While on the practice field, the Tampa Bay receivers were talking about of all things, emojis. The conversation was sparked by Jackson wearing a sleeve with those cute little figures on it.
"I used to hate emojis," Evans said. "Now I use them always."
Ken Rodgers, the NFL Films coordinating producer for Hard Knocks, calls that exchange and others like it "a stolen moment." He said they get at the core of what the all-access series is trying to accomplish.
"The stolen moment is a slice of life," Rodgers said. "It is amazingly routine. It could be two people talking at your bank down the street. Instead, it is two receivers who get paid millions of dollars talking about something as mundane as emojis. That humanizes these players. It shows they are the same as the rest of us."
There will be plenty of "stolen moments," along with much more significant storylines, when Hard Knocks: Training Camp with the Tampa Bay Buccaneers debuts on HBO Tuesday, Aug. 8 at 10 p.m. ET. Rodgers is excited about the possibilities for the upcoming series.
"Football fans are knowledgeable that something good is taking place in Tampa, but they might not know all the details," Rodgers said. "That's what delivers the best Hard Knocks. There's a lot of juice, more energy in camp because everyone wants to take the next step. You see this collection of talent, and the possibility of what they could be in the coming year."
As usual, the focus will be on the quarterback. Winston, the No. 1 overall pick in the 2015 draft, has high expectations going into his third season. Rodgers said viewers will get to know who he is. Hard Knocks filmed a visit to Winston's childhood home in Alabama.
"He's the first person everyone brings up when you talk about the Buccaneers," Rodgers said. "People will see a personality that lights up the screen. He comes off as a unique individual."
The spotlight also will be on head coach Dirk Koetter. The second-year coach is trying to manage the expectations, according to Rodgers.
"There's a feeling from Koetter of ignoring the all the noise," Rodgers said. "People will see how they have their own internal expectations."
The high-profile names always get the attention, but the other end of the NFL spectrum that provides some of the most memorable moments of Hard Knocks. Many of the ongoing storylines will center on the players who will be fighting to earn the last roster spots on Tampa Bay. For some, it could be their final shot to play in the NFL. It always is compelling to see the elation of an ultimate dream fulfilled, or the heartbreak of a player sent packing.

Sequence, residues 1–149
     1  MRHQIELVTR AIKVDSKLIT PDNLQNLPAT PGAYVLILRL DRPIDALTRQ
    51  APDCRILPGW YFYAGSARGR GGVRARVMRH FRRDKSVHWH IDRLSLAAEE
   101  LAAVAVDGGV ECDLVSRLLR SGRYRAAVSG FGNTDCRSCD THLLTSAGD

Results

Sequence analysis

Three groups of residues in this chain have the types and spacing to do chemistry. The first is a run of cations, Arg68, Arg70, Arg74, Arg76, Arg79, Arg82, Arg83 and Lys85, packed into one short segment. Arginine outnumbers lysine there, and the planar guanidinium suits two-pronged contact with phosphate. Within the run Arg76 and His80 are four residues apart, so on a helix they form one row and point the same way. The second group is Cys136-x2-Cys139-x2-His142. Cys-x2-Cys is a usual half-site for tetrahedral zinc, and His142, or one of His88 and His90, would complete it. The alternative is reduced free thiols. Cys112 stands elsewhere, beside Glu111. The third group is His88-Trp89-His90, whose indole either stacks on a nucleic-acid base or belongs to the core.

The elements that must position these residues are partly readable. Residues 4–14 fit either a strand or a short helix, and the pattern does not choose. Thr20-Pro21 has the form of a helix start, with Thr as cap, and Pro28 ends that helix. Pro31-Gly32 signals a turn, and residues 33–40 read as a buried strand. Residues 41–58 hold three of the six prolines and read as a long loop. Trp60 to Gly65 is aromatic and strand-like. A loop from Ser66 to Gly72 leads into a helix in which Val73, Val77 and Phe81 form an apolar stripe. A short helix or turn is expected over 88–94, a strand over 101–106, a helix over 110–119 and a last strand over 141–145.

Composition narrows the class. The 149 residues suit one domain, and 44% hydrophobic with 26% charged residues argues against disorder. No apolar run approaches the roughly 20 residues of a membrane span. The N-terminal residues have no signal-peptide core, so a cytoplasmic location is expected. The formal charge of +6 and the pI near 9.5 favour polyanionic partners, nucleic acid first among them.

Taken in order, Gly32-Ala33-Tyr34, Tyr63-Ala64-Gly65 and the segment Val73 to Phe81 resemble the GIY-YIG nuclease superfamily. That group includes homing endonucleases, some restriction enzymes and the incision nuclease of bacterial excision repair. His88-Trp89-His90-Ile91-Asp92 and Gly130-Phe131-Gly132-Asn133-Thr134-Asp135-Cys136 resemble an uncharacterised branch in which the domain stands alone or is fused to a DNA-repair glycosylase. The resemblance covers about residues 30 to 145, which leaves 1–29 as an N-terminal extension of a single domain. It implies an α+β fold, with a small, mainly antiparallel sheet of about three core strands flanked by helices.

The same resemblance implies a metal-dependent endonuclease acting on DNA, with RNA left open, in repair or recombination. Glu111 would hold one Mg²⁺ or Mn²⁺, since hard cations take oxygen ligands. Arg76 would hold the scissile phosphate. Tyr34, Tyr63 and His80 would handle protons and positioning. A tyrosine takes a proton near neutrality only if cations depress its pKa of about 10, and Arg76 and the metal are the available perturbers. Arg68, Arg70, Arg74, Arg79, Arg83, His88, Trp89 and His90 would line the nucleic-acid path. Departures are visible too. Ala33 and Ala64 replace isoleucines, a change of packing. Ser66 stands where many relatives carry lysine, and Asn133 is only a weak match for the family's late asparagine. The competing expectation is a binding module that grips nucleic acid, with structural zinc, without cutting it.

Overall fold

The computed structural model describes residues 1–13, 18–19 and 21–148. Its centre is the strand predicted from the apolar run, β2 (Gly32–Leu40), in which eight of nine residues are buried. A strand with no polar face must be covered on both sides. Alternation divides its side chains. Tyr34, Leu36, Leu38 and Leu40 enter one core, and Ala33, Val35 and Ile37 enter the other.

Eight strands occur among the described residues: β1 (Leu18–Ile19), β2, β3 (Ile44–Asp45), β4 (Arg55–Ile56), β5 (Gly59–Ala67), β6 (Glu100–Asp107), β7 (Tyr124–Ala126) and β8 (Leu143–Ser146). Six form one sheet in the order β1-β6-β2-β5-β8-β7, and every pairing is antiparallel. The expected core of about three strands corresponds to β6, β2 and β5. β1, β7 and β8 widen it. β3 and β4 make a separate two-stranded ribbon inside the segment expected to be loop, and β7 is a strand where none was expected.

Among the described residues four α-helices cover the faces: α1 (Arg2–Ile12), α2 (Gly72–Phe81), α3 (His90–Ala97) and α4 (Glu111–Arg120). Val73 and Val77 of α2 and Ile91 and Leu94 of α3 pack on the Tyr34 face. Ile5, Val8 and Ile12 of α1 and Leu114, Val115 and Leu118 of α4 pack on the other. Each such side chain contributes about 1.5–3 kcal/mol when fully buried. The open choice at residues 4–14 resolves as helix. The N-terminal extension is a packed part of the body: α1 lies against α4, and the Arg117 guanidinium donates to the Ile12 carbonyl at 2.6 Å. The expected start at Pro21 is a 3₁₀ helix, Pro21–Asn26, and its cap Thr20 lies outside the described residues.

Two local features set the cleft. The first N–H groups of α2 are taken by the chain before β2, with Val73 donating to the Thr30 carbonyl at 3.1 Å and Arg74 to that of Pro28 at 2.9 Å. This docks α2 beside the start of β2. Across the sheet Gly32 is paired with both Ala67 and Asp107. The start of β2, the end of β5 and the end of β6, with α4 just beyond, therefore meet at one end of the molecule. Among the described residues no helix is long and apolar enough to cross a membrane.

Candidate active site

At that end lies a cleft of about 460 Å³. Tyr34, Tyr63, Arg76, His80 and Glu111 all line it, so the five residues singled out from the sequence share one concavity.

Again, Rodgers said, those scenes underscore the mission of Hard Knocks.
"The players [struggling to make the team] are the basis for the show," Rodgers said. "It might seem glorious to be able to run out of the tunnel before a game, but at the end of the day, it's all about them trying to take care of their families. What Hard Knocks does is humanize those players. People will realize that they're not that different from us."
Viewers won't have to wait until Tuesday nights to see the latest from Hard Knocks this season. The series is running short behind-the-scenes clips on Twitter at #HardKnocksNow.
Extra points: NFL Network will air 16 live preseason games this year. This week's schedule features Houston at Carolina Wednesday and Denver at Chicago Thursday. All 64 preseason games will air on NFL Network either live or via tape delay. ... FOX Sports didn't have a comment Monday on its broadcast plans following Jay Cutler's decision to play for Miami this year. He had been scheduled to be on FOX's No. 2 team with Kevin Burkhardt and Charles Davis. Does Fox go with a two-man set-up or add a third person to the team? ... Like father, like son. Cris Collinsworth's son, Jac, is joining ESPN's Sunday NFL Countdown as a feature reporter. ... A new season of A Football Life returns to NFL Network on Sept. 15. The series includes films on Dan Marino, Emmitt Smith, John Madden and Jerry Jones. ... Tony Romo, who takes over as CBS' No. 1 analyst this year, took his preparation to another level last week. He did a dress rehearsal with Jim Nantz in calling the Hall of Fame game. Romo came from Chicago where he shot 80-82 to miss the cut in the Western Amateur.